We had to stop at the State of Pennsylvania Monument which is the largest monument on the Gettysburg battlefield. The tip of the sword of the statue of Winged Victory is 110 feet high. A spiral staircase took us to the roof of the monument with its panoramic views of the battlefield.
Our final stop was Seminary Ridge located west of town
Standing on Seminary Ridge beneath the towering, 41 feet high Virginian monument topped with the statue of General Lee and his horse, Traveler, I gazed incredulously across the fields towards Cemetery Ridge and the Union lines.
Final Attack of the Day
From here, the final day’s massive attack, known to history as Pickett’s charge, against the Union’s center, commenced.
Approximately 12,500 men advanced across open fields for nearly a mile under heavy Union artillery and rifle fire.
In what is euphemistically referred to as the “high-water mark of the Confederacy” they crashed themselves against the center of the Union lines at the place called the Angle near that group of trees. The Union broke the attack and drove them back with horrific casualties.
I was reminded of the famed historian Shelby Foote’s thoughts on the attack:
If I had been in one of Pickett’s regiments and they had told me what we were going to do and I had had a look at that field and have seen that ridge nearly a mile across the way and all those guns and all those soldiers I would have said I don’t think we ought to do that general.And I might have had the nerve enough to say I ain’t gonna do it.Of course, I wouldn’t; nobody would have that much nerve.You couldn’t say, ‘Marse Robert, I ain’t going.’
Of course, they did go.
While I reflected on the enormity of events that had occurred on these quiet fields it, again, was my wife who startled me back to the present with a simple question as she pointed to General Lee, “Who is that?” When I told her, she responded, “Why is there a statue for him? Isn’t he the bad guy?”
It reminded me that I had spent the last 24 hours hiking across the revered fields, recreating in my mind’s eye the events of over a century and a half ago. I had dwelt on the unimaginable struggles of the tens of tens of thousands of stout young men who fought here. Their valor. Their glories. Their defeats. The tragic carnage that gripped both armies.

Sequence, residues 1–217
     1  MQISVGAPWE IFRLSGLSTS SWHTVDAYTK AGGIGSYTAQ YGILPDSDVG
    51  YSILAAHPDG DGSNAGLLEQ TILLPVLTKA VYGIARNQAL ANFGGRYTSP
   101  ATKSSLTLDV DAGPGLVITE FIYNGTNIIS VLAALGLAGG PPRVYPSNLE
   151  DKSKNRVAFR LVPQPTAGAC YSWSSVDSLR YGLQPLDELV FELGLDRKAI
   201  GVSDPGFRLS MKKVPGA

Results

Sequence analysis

What I cannot, should not forget is that the battle was fought for and against an ideology whose very concept is appalling. One army fought to maintain the very fabric of a nation that had recently reinvested in the idea that all men are created equal. The other army fought to tear that very fabric asunder in order to preserve a system that enslaved an entire race of people.
Her question was a simple one. I don’t have a simple answer.
As we drove out of town, past the Visitor’s center and its seated bronze of President Lincoln, his 2nd inaugural address came to mind which may form the beginnings of an answer,
“With malice toward none, with charity for all, with firmness in the right as God gives us to see the right, let us strive on to finish the work we are in, to bind up the nation’s wounds”
Going to Gettysburg
Gettysburg National Military Park is located in Adams County, Pennsylvania.
1195 Baltimore Pike
Gettysburg, PA 17325
Gettysburg National Military Park Pennsylvania
Gettysburg Museum & Visitor Center
A Park Map and Guide is available at the information desk of the Visitor’s Center. This brochure offers suggestions for seeing the battlefield including the self-guided auto tour, driving tips, walking trails, and a brief overview of the battle, the Gettysburg National Cemetery, and Lincoln’s Gettysburg Address.
Frank Hosek is an Illinois-based Director of Human Resources who revels in traveling with his wife, Kathy.He enjoys discovering new experiences, meeting the people that make those experiences enjoyable, and sharing their adventures. He is a freelance writer for newspapers, magazines, and travel websites
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One thought on “Gettysburg, PA, You Can’t Help But Cry”
Interesting article! I particularly appreciated your personal reflections!